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Updated: March 18, 2010 02:46 IST

Sushma: we’ll attend all-party meet on women’s Bill with open mind

Neena Vyas
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The BJP will have an open mind on possible amendments the govt. may propose before the Women's Bill is taken up in the Lok Sabha, party leader Sushma Swaraj has said.
The Hindu
The BJP will have an open mind on possible amendments the govt. may propose before the Women's Bill is taken up in the Lok Sabha, party leader Sushma Swaraj has said.

Remark being interpreted as willingness on BJP’s part to dilute provisions

In the Rajya Sabha the Bharatiya Janata Party may have dittoed the Women's Reservation Bill as presented by the government, but it will have an open mind on possible amendments the government may propose before the measure is taken up in the Lok Sabha.

Leader of the Opposition in the Lok Sabha Sushma Swaraj was categorical on this when asked whether the party would stick to the position it adopted in the Rajya Sabha or approach the subject with an open mind, if and when an all-party meeting was called.

“We will go to the all-party meeting with an open mind,” Ms. Swaraj said, refusing to discuss hypothetical questions what the party's stand would be if there was a proposal to dilute the 33 per cent reservation to 20 or 25 per cent or if the issue of sub-quotas for backward caste women or other groups were to come up.

The “open mind” remark has already begun to be interpreted as a willingness on the part of the BJP to dilute the provisions. For, the party has in the last few years been a strong votary of increasing women's representation by making it mandatory for political parties to give at least 33 per cent ticket to women, an idea rejected by the Left and described by Leader of the Opposition in the Rajya Sabha Arun Jaitley as a non-starter for increasing women's representation.

The BJP has been very clear that it will not support any sub-quota for Muslim women as it is opposed to any religion-based reservation. On the backward caste quota, the party will take a stand as and when, and if at all, the issue comes up. Now there are no quotas for backward castes and therefore there cannot be a backward caste sub-quota for women.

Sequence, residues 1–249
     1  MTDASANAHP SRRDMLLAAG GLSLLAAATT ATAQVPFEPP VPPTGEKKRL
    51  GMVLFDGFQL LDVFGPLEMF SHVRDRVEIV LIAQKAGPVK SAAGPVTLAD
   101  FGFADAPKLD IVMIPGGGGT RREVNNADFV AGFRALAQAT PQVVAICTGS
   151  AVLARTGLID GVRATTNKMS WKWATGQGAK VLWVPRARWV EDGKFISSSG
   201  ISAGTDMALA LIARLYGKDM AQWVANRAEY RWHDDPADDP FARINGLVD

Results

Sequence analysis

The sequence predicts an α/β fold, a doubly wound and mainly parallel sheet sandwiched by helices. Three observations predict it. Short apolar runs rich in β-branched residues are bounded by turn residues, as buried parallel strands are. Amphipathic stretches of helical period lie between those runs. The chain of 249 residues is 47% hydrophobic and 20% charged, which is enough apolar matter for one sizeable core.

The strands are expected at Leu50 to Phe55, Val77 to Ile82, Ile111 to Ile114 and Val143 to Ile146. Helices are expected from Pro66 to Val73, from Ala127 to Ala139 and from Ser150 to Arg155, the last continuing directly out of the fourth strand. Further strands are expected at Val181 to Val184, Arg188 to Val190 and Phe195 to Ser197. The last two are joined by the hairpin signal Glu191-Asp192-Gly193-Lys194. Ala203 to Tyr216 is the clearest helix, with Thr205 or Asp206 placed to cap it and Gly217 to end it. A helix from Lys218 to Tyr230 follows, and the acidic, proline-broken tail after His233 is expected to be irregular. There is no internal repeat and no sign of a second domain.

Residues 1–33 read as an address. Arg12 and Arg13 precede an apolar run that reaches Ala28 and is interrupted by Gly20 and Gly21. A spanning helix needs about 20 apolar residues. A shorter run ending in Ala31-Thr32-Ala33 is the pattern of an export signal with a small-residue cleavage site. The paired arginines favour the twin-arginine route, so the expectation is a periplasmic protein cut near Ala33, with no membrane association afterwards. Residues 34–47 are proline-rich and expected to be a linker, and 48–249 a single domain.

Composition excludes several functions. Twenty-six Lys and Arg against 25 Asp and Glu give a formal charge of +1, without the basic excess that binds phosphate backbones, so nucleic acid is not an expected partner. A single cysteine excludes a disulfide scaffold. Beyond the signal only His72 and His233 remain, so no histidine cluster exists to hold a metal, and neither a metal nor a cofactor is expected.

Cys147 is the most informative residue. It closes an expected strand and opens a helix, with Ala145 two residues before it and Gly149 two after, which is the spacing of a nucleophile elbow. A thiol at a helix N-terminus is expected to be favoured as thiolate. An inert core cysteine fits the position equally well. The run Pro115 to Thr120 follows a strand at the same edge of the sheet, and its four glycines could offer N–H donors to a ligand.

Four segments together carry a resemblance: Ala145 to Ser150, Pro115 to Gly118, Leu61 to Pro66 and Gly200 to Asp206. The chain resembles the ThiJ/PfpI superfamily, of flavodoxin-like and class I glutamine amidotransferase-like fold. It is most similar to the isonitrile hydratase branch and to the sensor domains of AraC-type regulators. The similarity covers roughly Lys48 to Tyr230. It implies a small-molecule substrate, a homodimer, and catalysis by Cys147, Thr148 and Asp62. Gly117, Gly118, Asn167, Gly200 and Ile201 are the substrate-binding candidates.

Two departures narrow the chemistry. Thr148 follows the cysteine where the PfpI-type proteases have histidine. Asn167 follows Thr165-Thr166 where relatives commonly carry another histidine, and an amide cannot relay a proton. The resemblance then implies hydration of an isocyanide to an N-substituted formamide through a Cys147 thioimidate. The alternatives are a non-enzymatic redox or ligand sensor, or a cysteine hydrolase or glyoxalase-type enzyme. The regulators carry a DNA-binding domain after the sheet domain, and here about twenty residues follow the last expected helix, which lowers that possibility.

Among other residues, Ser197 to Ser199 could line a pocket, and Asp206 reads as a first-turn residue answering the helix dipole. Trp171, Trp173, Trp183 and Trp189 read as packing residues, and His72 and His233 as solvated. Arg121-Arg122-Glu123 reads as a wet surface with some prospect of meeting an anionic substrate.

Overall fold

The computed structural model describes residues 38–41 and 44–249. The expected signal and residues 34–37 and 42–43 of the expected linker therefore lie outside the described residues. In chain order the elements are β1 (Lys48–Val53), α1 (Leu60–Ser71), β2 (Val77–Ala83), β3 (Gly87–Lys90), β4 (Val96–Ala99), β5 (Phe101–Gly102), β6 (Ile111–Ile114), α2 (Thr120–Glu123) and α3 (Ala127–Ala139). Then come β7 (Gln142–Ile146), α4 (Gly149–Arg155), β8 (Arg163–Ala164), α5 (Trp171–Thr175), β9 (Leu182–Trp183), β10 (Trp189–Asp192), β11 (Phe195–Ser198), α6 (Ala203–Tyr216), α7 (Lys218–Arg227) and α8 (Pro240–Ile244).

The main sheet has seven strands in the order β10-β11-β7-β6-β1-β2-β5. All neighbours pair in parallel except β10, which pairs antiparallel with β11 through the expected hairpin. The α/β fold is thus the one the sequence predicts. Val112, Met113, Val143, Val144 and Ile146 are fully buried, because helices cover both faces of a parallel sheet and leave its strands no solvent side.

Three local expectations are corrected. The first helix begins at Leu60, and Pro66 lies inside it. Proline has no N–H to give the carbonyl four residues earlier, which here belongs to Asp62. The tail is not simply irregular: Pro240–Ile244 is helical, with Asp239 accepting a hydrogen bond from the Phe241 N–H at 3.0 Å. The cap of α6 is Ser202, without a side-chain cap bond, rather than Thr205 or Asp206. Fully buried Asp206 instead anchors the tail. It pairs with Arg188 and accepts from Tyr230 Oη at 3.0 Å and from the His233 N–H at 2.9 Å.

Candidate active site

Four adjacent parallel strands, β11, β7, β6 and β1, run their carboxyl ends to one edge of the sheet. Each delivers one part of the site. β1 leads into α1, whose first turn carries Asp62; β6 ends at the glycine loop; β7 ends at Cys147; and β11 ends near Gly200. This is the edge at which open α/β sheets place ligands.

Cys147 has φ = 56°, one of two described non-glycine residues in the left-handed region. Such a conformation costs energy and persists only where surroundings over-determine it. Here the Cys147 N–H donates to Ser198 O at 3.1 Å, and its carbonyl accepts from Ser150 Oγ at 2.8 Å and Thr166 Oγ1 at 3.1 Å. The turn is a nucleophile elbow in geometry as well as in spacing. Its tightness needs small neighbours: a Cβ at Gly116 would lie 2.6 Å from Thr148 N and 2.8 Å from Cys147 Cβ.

Party leaders are worried that while the BJP is trying to take some credit for supporting the women's Bill in the Rajya Sabha — without its support the Bill could not have been adopted — it would invite the charge, as would the Congress, of short-changing women if it were to agree to any dilution.

On Wednesday, Ms. Swaraj and Mr. Jaitley, in a joint statement, said: “The BJP was committed to the Bill. The BJP lent a loud and clear support but also wanted the dignity of the House maintained … and it was the Opposition-dominated House that had approved the Bill despite mismanagement by the government.” .

But the party's worry now is that many of its MPs do not want it to be proactive on this subject. They have in fact charged the leaders with “helping the Congress” push the Bill through, when there was no need for the Opposition party to do so. If the issue were to be prised open once again at an all-party meeting or at a series of consultations with parties, the BJP would have to calibrate its stand, keeping its commitment to the Bill and yet not be seen to be actively pushing it as its MPs do not want that.

As of now, the party leadership is not only supporting the 33 per cent reservation Bill but is also justifying to the hilt the rotation of reserved seats. Mr. Jaitley, in fact, was one of the few speakers who lauded this aspect of the Bill, much to the annoyance of fellow BJP MPs.

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